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Evidence-based economics — the fundamentals

Summary:
Evidence-based economics — the fundamentals Many economists still think that “evidence” is only of one kind, i.e. statistical/econometric analysis. Whilst this is important, it is not enough on its own. One reason for its privileged position may be that it is typically contrasted with “anecdotal evidence”, which is unreliable. But the truth is richer than that. It is true that basing one’s thinking about the economy on one or more stories carries the danger that one will just favour the narrative that suits one’s preconceptions. Any item of evidence needs to be representative of the underlying reality in some way – in fact this is true also of statistical analyses. And subjective bias (wishful thinking) needs to be avoided, whatever the type of evidence.

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Evidence-based economics — the fundamentals

Many economists still think that “evidence” is only of one kind, i.e. statistical/econometric analysis. Whilst this is important, it is not enough on its own. One reason for its privileged position may be that it is typically contrasted with “anecdotal evidence”, which is unreliable. But the truth is richer than that.

Evidence-based economics — the fundamentalsIt is true that basing one’s thinking about the economy on one or more stories carries the danger that one will just favour the narrative that suits one’s preconceptions. Any item of evidence needs to be representative of the underlying reality in some way – in fact this is true also of statistical analyses. And subjective bias (wishful thinking) needs to be avoided, whatever the type of evidence. In addition, any kind of evidence is fallible, so that caution is required. This applies as much to statistical analyses as to any other type – in medicine, it is commonplace to find that the results of epidemiological studies fail to be replicated – the rule of thumb is that a plurality of studies, as with cigarette smoking and lung cancer, is required before one accepts a finding as truly established.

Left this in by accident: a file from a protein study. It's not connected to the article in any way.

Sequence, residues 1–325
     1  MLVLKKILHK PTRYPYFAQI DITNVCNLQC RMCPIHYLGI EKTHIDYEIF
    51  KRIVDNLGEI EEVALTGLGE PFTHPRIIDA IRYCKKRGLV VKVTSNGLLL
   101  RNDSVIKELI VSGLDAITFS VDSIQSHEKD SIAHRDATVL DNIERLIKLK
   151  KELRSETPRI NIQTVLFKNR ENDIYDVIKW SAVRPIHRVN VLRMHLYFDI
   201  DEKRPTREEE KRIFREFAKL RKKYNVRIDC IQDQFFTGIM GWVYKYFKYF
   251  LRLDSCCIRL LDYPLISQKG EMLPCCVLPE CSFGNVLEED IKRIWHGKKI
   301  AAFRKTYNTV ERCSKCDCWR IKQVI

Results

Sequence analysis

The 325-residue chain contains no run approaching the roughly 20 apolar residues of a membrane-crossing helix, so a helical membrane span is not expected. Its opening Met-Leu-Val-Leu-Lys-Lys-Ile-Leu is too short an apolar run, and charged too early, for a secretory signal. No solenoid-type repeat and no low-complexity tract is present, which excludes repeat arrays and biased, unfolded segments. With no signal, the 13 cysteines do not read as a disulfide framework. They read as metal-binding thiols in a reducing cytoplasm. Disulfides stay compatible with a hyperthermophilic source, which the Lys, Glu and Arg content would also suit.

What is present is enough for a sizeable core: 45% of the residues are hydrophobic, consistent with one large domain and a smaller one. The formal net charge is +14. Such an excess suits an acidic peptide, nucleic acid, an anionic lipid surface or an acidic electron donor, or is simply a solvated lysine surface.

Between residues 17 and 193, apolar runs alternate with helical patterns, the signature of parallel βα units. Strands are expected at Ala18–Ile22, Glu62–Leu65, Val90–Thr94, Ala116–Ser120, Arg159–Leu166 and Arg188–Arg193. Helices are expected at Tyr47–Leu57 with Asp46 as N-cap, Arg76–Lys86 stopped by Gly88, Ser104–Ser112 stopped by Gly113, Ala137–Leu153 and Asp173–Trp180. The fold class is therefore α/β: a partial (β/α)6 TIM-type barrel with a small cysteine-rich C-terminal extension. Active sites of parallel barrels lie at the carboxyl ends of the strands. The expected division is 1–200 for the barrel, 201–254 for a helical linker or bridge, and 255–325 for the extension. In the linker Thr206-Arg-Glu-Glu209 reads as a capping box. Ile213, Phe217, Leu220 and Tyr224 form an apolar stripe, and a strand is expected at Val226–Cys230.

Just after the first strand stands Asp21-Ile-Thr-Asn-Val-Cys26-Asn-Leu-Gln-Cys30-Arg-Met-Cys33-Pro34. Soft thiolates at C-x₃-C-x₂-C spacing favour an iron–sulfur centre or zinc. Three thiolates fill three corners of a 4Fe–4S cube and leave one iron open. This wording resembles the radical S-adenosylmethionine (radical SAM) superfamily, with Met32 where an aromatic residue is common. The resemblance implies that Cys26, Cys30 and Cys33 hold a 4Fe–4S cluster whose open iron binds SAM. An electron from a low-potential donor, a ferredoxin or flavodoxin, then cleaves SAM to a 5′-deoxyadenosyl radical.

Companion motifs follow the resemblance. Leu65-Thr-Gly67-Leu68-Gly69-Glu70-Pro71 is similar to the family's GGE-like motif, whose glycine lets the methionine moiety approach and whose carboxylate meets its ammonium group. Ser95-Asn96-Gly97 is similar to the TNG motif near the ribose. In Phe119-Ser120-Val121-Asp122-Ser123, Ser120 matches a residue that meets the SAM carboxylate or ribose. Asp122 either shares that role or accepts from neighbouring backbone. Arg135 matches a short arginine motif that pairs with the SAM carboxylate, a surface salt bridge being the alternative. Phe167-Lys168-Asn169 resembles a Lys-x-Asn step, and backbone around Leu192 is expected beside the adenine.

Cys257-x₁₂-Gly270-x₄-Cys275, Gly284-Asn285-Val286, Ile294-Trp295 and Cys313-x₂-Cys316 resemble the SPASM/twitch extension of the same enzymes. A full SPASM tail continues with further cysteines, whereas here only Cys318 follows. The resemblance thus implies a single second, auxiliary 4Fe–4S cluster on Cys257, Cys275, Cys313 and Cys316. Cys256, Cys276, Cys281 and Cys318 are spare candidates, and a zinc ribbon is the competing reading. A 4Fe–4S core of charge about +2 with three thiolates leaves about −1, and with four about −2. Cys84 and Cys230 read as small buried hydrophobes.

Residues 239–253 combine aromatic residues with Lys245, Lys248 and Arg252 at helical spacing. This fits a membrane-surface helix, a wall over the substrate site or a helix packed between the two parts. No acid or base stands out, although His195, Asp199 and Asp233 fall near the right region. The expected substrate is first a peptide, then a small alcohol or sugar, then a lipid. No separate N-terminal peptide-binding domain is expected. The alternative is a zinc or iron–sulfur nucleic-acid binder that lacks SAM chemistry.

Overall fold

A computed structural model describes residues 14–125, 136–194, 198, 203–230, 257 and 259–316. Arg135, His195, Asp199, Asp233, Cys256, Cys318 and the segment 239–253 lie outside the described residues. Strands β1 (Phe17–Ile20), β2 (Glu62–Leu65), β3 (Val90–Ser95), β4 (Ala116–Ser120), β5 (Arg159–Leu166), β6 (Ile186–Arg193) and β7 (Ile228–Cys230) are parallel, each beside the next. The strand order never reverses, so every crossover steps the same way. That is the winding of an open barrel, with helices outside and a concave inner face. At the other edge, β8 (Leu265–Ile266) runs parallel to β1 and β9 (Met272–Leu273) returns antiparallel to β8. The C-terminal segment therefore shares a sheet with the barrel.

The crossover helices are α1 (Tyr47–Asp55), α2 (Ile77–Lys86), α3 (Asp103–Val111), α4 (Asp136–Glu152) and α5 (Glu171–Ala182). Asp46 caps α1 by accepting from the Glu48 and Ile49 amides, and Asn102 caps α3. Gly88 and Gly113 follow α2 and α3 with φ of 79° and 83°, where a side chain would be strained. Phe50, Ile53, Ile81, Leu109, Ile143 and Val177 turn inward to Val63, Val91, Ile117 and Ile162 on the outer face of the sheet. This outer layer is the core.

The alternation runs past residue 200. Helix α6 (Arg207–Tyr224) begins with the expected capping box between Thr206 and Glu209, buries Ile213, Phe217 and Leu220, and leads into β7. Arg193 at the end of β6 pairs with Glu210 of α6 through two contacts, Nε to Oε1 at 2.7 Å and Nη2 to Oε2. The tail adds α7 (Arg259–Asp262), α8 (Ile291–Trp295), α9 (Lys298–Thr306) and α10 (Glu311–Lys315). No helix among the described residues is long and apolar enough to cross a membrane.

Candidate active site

The history of science shows clearly that secure knowledge derives not only from iteration between evidence and theory, but also that it typically depends on a variety of types of evidence – the more diverse the better. The implication for economics is that econometrics needs to be augmented with other approaches. A particularly valuable one is comparative economic history – highlighting the similarities and the differences between the experiences of different economies. Other important methods include behavioural and experimental economics, field trials, randomised controlled trials, institutional analysis, survey analysis, etc.

Ideally, the evidence base should encompass evidence both of the “difference-making” variety – e.g. that lung cancer rates are far higher among cigarette smokers than in non-smokers – and evidence that throws light on the mechanisms or capacities involved.

Michael Joffe

Lars Pålsson Syll
Professor at Malmö University. Primary research interest - the philosophy, history and methodology of economics.

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